An inside look at officers’ high-speed chase training

PLAINFIELD, Ind. (WISH) — Every year Greenfield Police Department officers go through training to make sure they are prepared for any situation that may arise while they’re behind the wheel. 24-Hour News 8’s Jessica Smith was the only reporter to be there for this year’s training at the Indiana Law Enforcement Academy.

Officers go through the training at least once a year. It’s high speed and high stress, but that’s why officers say it’s so effective.

“We’re doing everything from high speed driving to backing maneuvers, evasive maneuvers, braking maneuvers. Anything that the officer might encounter on the street we’re trying to let them encounter out here in a training,” said Greenfield Police Chief John Jester. “If you think about it, officers drive every day. We drive a lot of miles at a time.”

The Emergency Vehicle Operations Course, or EVOC, puts officers’ skills to the test, at speeds of up to 90 miles per hour.

“We’ll get in the habit of driving, and take things for granted. So it’s important to stay on your toes when you’re driving, pay attention and make sure you get there safe. You’re not doing any good if you don’t get there.” said Greenfield Captain Brian Guinn.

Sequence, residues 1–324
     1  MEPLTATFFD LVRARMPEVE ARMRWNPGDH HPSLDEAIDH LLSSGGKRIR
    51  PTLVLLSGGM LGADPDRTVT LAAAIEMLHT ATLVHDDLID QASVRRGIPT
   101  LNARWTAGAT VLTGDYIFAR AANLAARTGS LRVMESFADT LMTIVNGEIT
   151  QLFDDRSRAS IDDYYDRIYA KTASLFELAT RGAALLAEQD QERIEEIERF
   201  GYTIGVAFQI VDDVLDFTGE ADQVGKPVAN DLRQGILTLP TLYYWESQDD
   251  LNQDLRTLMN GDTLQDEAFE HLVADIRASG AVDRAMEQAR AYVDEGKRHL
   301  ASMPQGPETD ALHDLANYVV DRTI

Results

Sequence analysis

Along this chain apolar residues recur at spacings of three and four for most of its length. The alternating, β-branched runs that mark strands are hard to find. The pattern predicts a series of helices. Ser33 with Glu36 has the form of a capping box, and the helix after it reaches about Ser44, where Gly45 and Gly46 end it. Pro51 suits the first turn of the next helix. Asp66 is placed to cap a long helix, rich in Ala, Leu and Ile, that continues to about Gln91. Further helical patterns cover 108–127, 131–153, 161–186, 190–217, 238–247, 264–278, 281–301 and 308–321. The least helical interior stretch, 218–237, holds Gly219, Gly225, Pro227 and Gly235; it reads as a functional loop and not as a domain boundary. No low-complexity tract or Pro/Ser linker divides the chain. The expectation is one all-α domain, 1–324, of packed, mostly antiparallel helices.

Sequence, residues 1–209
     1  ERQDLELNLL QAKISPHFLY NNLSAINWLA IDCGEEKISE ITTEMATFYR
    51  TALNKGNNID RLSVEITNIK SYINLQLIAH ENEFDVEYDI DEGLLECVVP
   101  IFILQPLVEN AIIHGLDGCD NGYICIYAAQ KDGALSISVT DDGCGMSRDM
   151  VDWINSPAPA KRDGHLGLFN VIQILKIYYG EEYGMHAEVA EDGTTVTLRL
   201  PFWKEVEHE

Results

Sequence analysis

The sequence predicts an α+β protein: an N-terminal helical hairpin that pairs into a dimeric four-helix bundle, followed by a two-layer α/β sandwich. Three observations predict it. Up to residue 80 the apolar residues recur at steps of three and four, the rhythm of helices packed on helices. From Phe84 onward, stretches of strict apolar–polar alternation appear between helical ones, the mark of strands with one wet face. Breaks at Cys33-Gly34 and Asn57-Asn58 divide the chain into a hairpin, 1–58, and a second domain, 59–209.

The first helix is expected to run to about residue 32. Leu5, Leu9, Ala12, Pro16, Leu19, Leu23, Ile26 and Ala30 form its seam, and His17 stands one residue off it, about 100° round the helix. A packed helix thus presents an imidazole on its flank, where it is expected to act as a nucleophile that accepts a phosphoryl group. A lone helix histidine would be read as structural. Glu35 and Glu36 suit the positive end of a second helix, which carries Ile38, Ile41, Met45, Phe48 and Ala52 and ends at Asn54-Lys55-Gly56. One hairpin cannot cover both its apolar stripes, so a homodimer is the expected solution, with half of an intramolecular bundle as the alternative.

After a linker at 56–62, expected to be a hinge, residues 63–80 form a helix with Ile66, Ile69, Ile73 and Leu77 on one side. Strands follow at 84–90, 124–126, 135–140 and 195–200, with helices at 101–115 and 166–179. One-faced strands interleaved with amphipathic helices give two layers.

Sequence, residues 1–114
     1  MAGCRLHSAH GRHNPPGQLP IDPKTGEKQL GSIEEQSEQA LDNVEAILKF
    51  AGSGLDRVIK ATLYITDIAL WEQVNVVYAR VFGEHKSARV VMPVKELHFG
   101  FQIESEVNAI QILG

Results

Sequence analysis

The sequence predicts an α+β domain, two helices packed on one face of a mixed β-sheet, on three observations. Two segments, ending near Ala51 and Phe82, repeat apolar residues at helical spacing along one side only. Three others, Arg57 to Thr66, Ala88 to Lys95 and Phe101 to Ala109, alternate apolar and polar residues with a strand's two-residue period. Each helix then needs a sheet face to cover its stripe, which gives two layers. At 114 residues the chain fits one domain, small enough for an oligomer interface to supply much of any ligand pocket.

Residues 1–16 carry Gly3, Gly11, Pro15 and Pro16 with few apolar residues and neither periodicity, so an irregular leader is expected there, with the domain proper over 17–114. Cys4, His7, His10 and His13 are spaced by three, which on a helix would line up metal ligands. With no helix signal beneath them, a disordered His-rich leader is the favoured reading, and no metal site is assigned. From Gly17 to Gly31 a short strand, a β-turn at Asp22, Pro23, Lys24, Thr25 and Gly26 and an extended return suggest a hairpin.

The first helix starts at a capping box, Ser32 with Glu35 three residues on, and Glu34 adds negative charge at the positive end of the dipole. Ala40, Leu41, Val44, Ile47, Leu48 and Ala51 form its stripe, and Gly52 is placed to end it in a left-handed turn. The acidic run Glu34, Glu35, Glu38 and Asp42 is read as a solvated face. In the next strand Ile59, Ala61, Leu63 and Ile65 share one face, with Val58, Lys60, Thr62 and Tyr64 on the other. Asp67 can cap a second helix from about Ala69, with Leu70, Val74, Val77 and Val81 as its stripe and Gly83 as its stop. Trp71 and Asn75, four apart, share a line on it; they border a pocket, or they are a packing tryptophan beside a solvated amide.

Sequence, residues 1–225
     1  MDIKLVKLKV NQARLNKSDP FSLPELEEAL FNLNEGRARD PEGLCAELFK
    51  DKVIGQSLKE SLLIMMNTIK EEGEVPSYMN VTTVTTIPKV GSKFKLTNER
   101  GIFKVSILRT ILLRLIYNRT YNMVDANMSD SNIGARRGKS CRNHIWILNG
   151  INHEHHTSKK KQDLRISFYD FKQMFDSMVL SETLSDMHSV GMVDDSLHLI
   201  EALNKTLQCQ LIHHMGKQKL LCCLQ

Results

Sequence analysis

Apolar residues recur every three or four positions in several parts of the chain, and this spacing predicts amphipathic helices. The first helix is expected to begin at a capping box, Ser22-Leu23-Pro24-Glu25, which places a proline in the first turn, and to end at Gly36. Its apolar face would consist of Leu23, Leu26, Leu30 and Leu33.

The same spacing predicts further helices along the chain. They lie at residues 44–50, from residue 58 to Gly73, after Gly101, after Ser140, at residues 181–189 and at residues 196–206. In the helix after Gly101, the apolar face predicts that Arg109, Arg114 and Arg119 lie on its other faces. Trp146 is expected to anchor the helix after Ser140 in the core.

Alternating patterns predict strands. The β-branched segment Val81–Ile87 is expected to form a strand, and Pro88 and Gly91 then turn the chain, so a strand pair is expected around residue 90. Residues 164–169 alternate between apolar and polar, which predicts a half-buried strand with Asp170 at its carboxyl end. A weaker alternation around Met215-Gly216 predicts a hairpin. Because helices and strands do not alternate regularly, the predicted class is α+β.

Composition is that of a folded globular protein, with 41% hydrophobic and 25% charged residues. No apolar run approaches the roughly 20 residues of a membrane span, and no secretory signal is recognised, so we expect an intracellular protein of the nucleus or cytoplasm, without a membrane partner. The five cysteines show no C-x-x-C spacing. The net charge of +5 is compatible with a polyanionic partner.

The course forces officers to make split-second decisions, tight turns and quick stops, while going forward, and in reverse.

“It’s hard enough to see out of the back of your personal car, but when you get in a squad car and you’ve got a cage in there and all of your other equipment — and you’re sitting in your uniform and a gun belt on and a vest, it’s hard to turn around and look out the back,” said Guinn.

Guinn has been an EVOC instructor since 1997.

“We’re working side streets, where we have the opportunity of kids running out in front of you or something lile that, cars backing out in front of you — so we try and throw that in to where it works in our their daily patrols,” said Guinn.

If an officer hits a single cone or doesn’t finish the course in a set time, he fails and starts over. The test is intimidating, but officers say it’s invaluable.

“If we can reduce accidents then it’s all worth it. That’s our whole goal is to let the officers experience stuff that they could experience working the street — hopefully cut down and reduce the accidents. I think a lot of them come in intimidated. I think after they get to go around the track a few times, they fall in love with it,” said Jester.

Jester said it’s not every day Greenfield officers are involved in high-speed chases, but the training still applies to their every day work.

“Our officers run red lights and sirens to calls every day. The only difference is they’re not actually chasing somebody. They’re still driving fast, they’re still driving with red lights on, they’re still driving in traffic. Even though it’s not a high speed pursuit, it’s still high speed driving — so it’s practical,” said Jester.

The Rush County Sheriff’s Department, Greenfield, Fortville, Rushville and New Palestine Police Departments took part in the training.

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